We only tested it in 31 patients and well it was some of a disappointment for us. The advice from Watson was seriously flawed in 1/3 and 1/3 it was okay, but we did not agree completely and in 1/3 we had complete agreement on the advice. Watson for oncology only gives advice on which treatment should you offer the patient. Nothing else. So we have discussed a lot why the reason for that and probably the local adaptation that is missing from Watson. It was tested and developed in the United States. The practices in United States seems to be so different. So even if looking at evidence which is part of the Watson technology that the American doctor, the board they use to score the level of evidence in the literature are very biased towards USA studies. So studies we completely discard in Europe, they look at as important studies in United States (Interview with a physician 2017).

According to the Danish doctors, the US guidelines did not match the Danish best practice guidelines, and the US-based studies were not considered as good as the ones conducted in Denmark. The Danish doctors argued that the lack of quality in the US studies was due to their lack of systematic nation-wide cancer registries and healthcare records; whereas, the Danish and other Nordic country studies were considered far more robust and representative in relation to validity (Pukkala et al. 2018, 2009). As such, the Danish oncologists placed a great deal more value on studies and clinical trials conducted in Denmark, or the Nordic countries, where they believed the results were more valid for the local national populations than those conducted in the US (cf. Timmermans and Berg 2003).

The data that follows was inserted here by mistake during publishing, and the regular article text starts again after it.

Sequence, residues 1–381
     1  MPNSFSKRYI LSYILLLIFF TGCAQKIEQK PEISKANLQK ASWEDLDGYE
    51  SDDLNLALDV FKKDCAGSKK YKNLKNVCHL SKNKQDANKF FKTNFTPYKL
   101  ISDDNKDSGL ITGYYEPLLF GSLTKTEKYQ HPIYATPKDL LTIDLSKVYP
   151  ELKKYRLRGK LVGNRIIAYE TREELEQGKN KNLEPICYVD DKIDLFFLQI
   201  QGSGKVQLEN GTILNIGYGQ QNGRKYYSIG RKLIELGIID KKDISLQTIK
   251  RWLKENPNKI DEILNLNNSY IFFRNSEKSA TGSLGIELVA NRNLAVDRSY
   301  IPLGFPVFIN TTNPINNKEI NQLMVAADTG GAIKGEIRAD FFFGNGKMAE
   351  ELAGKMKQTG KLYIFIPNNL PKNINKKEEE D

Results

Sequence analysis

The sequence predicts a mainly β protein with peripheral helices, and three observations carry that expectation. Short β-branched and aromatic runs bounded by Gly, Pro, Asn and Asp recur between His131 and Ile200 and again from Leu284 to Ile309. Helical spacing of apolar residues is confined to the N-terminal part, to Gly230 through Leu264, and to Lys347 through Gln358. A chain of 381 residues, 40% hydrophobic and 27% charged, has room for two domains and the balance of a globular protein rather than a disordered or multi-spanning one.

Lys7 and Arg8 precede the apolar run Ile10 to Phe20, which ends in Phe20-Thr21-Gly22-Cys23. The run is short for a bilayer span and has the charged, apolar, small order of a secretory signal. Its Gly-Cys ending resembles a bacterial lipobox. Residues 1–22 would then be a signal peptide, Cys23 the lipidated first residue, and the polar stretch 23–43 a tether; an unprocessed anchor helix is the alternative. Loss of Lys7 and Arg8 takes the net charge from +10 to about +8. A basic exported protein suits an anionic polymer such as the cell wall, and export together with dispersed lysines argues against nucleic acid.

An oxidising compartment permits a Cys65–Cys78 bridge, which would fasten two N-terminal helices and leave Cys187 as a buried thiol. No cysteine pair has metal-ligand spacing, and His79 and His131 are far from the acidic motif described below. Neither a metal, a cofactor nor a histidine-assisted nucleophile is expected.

Other hospitals, besides those in Denmark, have also had less success in finding high concordance rates with Watson. In South Korea, for example, several pilot studies at different hospitals found relatively low concordance rates (~ 40%) between the oncologists and Watson for different types of cancer (Choi et al. 2019; Lee et al. 2018; Ross and Swetlitz 2017). The outcome of the pilot studies resulted in little interest by those hospitals to adopt the platform into their everyday care practices (Choi 2018).

It is interesting to note, however, that in the interviews which were conducted in Denmark, doctors did mention that such a platform may be useful for oncology departments or oncologists who did not have the level of expertise and facilities which were available in countries such as Denmark. As Coeira (2018), however, points out “The evidence in this study doesn’t yet support such a conclusion. We have some data on concordance, but no data on how concordance affects human decisions, and no data on how changed decisions affects patient outcomes.” This conclusion is also supported by a number of studies, which have tested the WFO platform (Kim et al. 2019a, b; Liu et al. 2018). Interestingly, however, Liu et al. (2018) note that the WFO platform has been introduced to more than 70 medical institutions throughout China despite the challenges that have been identified thus far regarding its reliability. As such, Watson may provide, in the future, benefits to countries where expert panels are not available to develop and evaluate national standards for care; however, without further evidence it is impossible to say whether the resource would be of benefit to the patients. It is another question, however, if such countries would also have access to the types of treatment options that Watson offers in the first place as well. This possibility, however, remains a lesser issue in relation to the question of concordance as a type of evidence for a medical platform. In the following section, we will discuss this problem in more detail.